Hmm? The only common point with 18th C is the "speed of communication limited to speed of travel" thing because there's no FTL radio. That's a ground rule and they progress very logically from there.

 

(Mind you, it made the Fifth Frontier War boardgame a bitch to play.)

 

I'm an original Traveller geek - my first RPG was 1st edition Traveller, which I got for Christmas 1979. Kept with it through to the end of GDW including 2300 and later picked up the Mongoose one. Didn't mind TNE, though I never quite took to them dropping the old mechanics, which were definitely not broken (as Mongoose demonstrated). The thing building rules in TNE are some of the best ever, once the usual GDW errata is plugged in, and especially for those that want their SF harder.

 

It's also the granddaddy of the computer game Elite and subsequently EVE Online and Elite Dangerous. If you're ever hankering for a bit of old school Traveller jumping and trading with hands-on piloting, I highly recommend Elite Dangerous :)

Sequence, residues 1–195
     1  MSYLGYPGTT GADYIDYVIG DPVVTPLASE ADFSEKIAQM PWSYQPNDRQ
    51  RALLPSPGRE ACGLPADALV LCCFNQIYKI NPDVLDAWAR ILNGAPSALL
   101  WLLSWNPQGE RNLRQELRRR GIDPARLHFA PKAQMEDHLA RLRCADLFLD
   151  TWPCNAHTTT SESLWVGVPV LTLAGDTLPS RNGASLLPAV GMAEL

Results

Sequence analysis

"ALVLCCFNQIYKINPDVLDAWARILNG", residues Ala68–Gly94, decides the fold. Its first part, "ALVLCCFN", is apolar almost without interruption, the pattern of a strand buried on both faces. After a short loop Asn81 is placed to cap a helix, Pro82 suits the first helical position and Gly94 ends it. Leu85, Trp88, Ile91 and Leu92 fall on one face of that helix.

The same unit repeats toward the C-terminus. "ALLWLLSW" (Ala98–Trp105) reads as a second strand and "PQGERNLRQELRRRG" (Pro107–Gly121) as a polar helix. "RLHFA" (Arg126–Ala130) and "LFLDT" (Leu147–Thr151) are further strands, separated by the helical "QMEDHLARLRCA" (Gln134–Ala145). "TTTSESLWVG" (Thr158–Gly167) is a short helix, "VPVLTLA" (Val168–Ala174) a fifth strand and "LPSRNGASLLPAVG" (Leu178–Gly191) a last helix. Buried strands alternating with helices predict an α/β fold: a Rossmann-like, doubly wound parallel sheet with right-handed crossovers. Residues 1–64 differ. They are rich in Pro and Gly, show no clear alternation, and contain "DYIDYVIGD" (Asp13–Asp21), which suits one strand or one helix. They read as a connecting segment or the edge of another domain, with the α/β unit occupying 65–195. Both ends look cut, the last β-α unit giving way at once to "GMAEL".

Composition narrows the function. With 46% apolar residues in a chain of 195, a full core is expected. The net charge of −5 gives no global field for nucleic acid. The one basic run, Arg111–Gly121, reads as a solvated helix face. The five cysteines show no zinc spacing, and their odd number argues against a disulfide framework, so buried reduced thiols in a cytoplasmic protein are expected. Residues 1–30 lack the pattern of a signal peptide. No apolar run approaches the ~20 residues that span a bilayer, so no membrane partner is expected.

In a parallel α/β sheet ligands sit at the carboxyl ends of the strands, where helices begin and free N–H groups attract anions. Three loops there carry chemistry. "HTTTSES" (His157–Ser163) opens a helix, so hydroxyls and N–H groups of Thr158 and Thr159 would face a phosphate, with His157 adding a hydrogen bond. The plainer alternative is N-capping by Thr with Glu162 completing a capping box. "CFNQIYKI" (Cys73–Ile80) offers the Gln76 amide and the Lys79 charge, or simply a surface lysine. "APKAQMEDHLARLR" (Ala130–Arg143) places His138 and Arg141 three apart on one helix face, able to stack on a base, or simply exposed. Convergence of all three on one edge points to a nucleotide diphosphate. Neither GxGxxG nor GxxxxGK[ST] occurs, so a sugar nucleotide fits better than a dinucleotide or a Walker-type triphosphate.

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There are numerous points of commonality:

  • Blade combat is a skill
  • Blades are a mustering out benefit
  • Social Standing is a base trait (indicating the importance of "social rank")
  • Naval commissions and Marines promotions are easier if you are of high social standing
  • Service ranks follow a 19th century hierarchy and naming scheme (Marine Force Cmdrs notwithstanding)
  • Privateering/smuggling is a common post-mustering-out PC "career"
  • The fastest anything can go (including information) is that of the fastest available vessel

If I had time, I'm sure I could find many more. Collectively, these elements diminish Traveller's far-future feel, at least for me. They make the game feel more like adventures on the high seas than adventures in outer space.

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Guess what? A lot of elite military forces today teach blade combat. Maybe not swords but knives and even modern Hatcher's and tomahawks. A lot of guards walking perimeter at ISIS and other guerilla groups have been silently neutralized with a knife in the neck.

 

I think it will be a long time before the simple knife is not a part of a lot of military issue kits.

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Those features come directly from the 50's and 60's science fiction that Traveller is heavily based on. Poul Anderson's Dominic Flandry stories, for example, are pretty much pure Imperial Traveller. Most Galactic Empire settings of the era also follow those tropes in regards to swords, space navies, privateers etc.

 

Including Star Wars.